The businessman Ignacio Torras said it a few days ago in La Vanguardia’s Contra: “Private initiative looks after the common interest just like the public administration.” The other day Jordi Gual also hinted at it from a more reflective position in the presentation at the Cercle d’Economia of his book Trust is Priceless (Debate). An interesting text for the content and the person who writes it. The basic idea is that civil society itself would have to begin to take charge of some of the traditional functions that until now have been in the hands of the public sector, in the face of political confusion. If in the past the company’s entry into this world was that of corporate responsibility, it is now suggested that this action may even include the beneficiary of social protection policies.

Starting from the fact that the market left in the hands of God fails, until now we understood that it was the public sector that, with its policies, had to correct the collusive tendency and ‘going their own way’ of businessmen. The aim would be to ensure social efficiency through regulatory means and equity and social peace through redistributive means. The entry of liberal schools of thought began to question this premise. The toughest ones (Chicago, for example) began, on the one hand, to question whether the failures of public action, with its inefficiencies and procrastinating or clientelistic practices, were not worse than the market failures that were said to be disappearing. to correct.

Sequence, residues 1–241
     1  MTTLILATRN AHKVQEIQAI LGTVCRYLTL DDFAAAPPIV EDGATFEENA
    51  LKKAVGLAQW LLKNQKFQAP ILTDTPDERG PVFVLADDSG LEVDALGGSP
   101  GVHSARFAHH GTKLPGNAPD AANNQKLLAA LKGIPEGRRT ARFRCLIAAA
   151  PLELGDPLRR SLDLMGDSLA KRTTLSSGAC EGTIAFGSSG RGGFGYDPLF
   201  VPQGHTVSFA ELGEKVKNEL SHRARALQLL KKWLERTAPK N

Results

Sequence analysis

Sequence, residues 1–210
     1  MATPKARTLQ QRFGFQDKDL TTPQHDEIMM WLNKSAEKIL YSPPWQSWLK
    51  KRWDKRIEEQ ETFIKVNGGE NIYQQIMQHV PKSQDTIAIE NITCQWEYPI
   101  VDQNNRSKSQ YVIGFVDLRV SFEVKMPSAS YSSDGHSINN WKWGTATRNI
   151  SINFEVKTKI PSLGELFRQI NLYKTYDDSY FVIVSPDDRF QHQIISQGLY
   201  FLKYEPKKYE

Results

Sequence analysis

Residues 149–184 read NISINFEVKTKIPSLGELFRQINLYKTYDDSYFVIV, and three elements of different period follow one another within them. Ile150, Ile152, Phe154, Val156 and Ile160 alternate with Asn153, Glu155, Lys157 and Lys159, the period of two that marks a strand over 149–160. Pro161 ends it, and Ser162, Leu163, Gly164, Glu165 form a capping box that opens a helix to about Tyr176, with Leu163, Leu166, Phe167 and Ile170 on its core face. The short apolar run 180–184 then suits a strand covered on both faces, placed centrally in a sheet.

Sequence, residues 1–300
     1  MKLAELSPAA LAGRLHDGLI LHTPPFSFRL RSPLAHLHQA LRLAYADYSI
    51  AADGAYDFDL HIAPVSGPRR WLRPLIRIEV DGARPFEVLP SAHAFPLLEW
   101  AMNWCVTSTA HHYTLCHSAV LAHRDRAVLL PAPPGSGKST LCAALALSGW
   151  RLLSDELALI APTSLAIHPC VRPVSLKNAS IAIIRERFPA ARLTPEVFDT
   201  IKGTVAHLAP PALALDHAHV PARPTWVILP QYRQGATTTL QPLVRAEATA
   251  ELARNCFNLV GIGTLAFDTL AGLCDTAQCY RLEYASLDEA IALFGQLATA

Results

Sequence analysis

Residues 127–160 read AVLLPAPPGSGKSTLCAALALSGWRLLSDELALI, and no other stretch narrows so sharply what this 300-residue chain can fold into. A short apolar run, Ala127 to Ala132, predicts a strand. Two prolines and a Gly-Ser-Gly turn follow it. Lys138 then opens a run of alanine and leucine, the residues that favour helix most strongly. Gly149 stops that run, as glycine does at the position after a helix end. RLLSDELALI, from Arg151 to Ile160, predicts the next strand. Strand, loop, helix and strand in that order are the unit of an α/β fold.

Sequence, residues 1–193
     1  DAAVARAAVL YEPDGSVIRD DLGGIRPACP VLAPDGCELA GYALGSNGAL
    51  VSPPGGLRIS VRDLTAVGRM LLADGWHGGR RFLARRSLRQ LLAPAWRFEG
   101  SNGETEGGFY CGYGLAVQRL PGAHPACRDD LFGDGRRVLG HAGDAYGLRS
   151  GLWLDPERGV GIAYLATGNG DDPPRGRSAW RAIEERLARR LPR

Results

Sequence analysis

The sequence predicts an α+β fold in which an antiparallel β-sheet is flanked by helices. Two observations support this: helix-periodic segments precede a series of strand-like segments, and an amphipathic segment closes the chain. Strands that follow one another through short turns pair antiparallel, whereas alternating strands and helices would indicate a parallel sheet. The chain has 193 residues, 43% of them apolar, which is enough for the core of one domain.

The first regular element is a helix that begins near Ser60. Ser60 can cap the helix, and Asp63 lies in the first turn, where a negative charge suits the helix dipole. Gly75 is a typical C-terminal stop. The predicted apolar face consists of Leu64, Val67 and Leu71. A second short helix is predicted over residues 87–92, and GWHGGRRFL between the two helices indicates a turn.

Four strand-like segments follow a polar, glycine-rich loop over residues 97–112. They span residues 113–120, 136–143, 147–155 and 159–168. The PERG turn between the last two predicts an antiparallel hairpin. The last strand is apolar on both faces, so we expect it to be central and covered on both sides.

Other tendencies in favor of the social market economy have also proposed that the definition and management of certain social protection instruments be left in the hands of the companies themselves. They come to say: remove taxation from the company and it will be in charge of certain elements of health policy; give good tax deductions to patronage and it will be the private foundations, in which large capital is present, that will fight on behalf of the most needy; similarly in research and development and let’s not talk about mercenary armies to defend a country.

This drift is dangerous, and, as I think Gual would also agree, it has to be discussed carefully. I say this, furthermore, from a well-known vision, mine, favorable to public-private collaboration in the provision of certain public services; against those who say that because money is public, both provision and production must always be public, and carried out by direct civil servant management. But one thing is the management of the service, and another is the implementation of the associated policies and benefits. Certainly, the discredit of politics today is widespread. But to me it seems like a very daring step to translate this finding as the definitive renunciation of the improvement of the public function at the service of social objectives, to enter the unknown world of companies and employers that can establish themselves as caretakers of the good. common.